Qatar said on Monday it would not take a decision on whether to expand its 2022 World Cup to 48 teams from 32 until it has seen the details of a feasibility study from FIFA, accodring to an official from the country’s World Cup organizing committee.
Qatar’s new stance is seen as a fresh shift on its previous firm position that refuses any amendment that could include it World Cup’s structure.
FIFA President Gianni Infantino said last week that a majority of national football federations were in favour of expanding the tournament and a decision is expected by March ahead of the draw for qualifying matches.
“FIFA is undergoing a feasibility study and is now in the consultation process and we don’t have any details to know what the feasibility study has,” said Nasser Al Khater, Assistant Secretary General for Qatar’s Supreme Committee for Delivery and Legacy.
The head of world football’s governing body has been pressing in recent weeks for the 2022 finals to expand from the 32 teams in Russia this year to 48, even though it was previously planned that the expansion of the World Cup would happen when Canada, Mexico and the United States jointly host the 2026 finals.
Qatar have not yet responded to the idea but previously have sounded cautious about the country’s capacity to go beyond a 32-team tournament.
Organizers are building only eight stadiums for the one-month tournament, which has been controversially pushed back to late in the year because of the fierce summer heat. It kicks off on Nov. 21, 2022 with the final on Dec. 18.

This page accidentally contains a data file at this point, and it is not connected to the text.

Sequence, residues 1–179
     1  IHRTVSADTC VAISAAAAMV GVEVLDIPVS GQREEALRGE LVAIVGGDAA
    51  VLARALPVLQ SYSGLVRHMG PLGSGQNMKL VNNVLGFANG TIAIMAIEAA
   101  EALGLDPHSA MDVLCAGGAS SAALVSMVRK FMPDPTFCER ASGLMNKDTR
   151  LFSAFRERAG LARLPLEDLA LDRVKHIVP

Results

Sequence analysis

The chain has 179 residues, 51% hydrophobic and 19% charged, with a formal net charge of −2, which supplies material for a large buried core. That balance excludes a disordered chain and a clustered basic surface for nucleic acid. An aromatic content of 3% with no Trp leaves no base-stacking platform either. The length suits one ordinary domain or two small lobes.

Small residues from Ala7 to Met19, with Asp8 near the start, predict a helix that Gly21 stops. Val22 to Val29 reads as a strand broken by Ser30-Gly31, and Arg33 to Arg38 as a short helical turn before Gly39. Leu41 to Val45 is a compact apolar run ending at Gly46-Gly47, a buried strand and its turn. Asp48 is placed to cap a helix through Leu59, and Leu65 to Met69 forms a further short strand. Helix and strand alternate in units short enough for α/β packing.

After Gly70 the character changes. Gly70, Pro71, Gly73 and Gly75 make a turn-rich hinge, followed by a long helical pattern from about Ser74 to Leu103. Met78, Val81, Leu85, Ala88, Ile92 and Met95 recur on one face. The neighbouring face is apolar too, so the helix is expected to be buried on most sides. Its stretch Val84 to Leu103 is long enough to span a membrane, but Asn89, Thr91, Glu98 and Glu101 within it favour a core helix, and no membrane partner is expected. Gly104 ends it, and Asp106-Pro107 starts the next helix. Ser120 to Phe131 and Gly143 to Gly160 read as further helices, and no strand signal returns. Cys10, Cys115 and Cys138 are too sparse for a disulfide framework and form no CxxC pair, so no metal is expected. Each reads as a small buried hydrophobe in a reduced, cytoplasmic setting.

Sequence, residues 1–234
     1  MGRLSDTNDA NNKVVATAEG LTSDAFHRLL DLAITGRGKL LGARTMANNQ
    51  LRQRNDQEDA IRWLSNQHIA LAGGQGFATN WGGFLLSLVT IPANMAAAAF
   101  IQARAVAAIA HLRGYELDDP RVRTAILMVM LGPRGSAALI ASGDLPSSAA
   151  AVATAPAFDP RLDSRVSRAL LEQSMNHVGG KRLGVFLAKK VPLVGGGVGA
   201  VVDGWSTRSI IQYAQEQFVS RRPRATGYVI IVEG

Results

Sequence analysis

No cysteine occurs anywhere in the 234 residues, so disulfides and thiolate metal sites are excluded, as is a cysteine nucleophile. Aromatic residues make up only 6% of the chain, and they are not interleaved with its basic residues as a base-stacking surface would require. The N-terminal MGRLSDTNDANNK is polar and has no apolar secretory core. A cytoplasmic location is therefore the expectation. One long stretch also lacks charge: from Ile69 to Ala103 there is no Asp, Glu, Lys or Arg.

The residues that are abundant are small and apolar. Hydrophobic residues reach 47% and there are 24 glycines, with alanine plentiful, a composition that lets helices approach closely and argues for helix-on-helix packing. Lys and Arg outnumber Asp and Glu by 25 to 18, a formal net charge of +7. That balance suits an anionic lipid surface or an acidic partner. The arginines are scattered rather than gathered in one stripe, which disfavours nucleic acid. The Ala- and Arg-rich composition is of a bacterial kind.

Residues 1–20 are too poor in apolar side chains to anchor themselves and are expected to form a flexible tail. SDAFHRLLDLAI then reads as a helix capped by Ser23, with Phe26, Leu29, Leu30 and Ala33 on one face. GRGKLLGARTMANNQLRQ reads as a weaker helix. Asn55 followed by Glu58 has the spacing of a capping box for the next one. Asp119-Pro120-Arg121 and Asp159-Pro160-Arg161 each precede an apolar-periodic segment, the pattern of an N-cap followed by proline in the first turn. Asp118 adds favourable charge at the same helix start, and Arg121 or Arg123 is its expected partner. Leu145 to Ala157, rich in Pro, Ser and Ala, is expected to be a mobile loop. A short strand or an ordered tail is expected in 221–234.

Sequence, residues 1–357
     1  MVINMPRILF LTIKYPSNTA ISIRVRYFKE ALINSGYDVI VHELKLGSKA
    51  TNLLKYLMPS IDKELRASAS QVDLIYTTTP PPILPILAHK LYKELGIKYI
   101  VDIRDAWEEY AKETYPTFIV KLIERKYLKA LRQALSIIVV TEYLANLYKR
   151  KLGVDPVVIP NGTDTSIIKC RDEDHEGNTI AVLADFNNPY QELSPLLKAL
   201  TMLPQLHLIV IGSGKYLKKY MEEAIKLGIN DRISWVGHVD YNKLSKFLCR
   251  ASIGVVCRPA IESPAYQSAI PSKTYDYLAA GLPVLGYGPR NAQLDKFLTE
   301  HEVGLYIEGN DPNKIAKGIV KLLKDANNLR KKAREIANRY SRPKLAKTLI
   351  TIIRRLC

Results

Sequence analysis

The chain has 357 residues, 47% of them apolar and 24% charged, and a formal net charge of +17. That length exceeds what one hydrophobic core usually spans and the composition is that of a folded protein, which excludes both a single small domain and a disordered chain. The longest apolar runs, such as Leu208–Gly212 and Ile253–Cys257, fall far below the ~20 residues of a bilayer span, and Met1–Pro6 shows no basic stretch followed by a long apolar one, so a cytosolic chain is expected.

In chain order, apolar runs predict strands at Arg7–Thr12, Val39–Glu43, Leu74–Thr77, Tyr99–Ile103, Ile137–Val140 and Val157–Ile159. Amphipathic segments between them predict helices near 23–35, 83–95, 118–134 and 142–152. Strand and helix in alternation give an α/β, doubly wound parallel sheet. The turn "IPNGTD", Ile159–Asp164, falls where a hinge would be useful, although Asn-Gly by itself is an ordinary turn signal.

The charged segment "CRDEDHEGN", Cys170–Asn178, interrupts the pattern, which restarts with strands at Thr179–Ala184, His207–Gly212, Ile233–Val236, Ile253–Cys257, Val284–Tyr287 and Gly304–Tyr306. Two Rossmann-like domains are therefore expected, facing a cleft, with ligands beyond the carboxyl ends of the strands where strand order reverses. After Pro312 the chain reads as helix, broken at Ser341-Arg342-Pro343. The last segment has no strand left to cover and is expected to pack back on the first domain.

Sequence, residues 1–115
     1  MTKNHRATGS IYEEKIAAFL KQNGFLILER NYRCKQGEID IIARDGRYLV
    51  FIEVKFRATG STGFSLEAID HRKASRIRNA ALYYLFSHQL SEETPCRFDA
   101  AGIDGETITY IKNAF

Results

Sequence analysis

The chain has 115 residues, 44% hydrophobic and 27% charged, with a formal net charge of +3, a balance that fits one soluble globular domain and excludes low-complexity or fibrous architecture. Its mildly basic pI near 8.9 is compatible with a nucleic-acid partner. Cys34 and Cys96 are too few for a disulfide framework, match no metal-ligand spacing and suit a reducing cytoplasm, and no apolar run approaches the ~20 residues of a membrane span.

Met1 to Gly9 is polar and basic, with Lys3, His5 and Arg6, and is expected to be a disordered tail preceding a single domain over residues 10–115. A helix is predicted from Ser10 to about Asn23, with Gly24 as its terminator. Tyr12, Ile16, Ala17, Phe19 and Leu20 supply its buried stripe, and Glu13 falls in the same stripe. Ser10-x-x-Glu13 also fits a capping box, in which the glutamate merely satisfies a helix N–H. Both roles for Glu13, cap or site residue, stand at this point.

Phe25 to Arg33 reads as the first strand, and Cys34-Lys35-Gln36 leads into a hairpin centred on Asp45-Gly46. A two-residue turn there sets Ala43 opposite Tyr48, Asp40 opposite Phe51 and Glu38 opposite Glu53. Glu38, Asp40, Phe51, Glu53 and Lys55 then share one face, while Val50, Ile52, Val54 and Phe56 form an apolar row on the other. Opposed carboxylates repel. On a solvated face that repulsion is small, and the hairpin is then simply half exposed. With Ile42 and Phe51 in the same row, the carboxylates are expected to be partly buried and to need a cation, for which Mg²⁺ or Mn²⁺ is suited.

Any expansion would mean Qatar possibly sharing some matches with their neighbors but the country is the subject of an economic boycott imposed by four of them.
In mid-2017, Saudi Arabia, the United Arab Emirates, Bahrain and Egypt cut transport and trade links with Doha because of Qatari ties with terrorism and Iran.
It has meant Qatar has had to dig into its deep pockets to find alternative trading partners and, in vain, keep its World Cup preparations on track.
“Personally, as president of FIFA, I would be very happy if some matches could be shared with some countries in the region,” said Infantino, adding that “Football unites, builds bridges; that could be a concrete result.”
Qatar is the smallest country to host the finals, with the distance between the two furthest venues a mere 72 kilometers.
Also, a year’s worth of rain that showered the desert state lately have again raised questions over the ability of Qatar’s infrastructure to host the tournament.
Unstable weather during the past few weeks have made roads impassable, drained homes, flooded tunnels, universities, schools, clinics, embassies, as well as shops being forced to close for days, affecting thousands of residents.
Qatar has already come under scrutiny over allegations of corruption and human rights abuses but that may be nothing compared with pressures it faces in the run-up to 2022.
“I think FIFA’s proposal represents the biggest threat to the tournament simply because it would wrong-foot Qatar into sharing the tournament with other countries,” said Simon Chadwick, a sports and geopolitics expert at Britain’s Salford University.
Should FIFA move to expand the number of teams in the 2022 cup, Qatar would have to tackle a heavily expanded workload on a tight timeline.
A 50 per cent increase in teams would strain Qatar’s ability to host the tournament.
While Doha initially bid for 12 stadiums, it is only building eight. Questions have also been raised over how the country will accommodate the up to 1.5 million fans expected to attend the event – and that’s before 16 teams are added.
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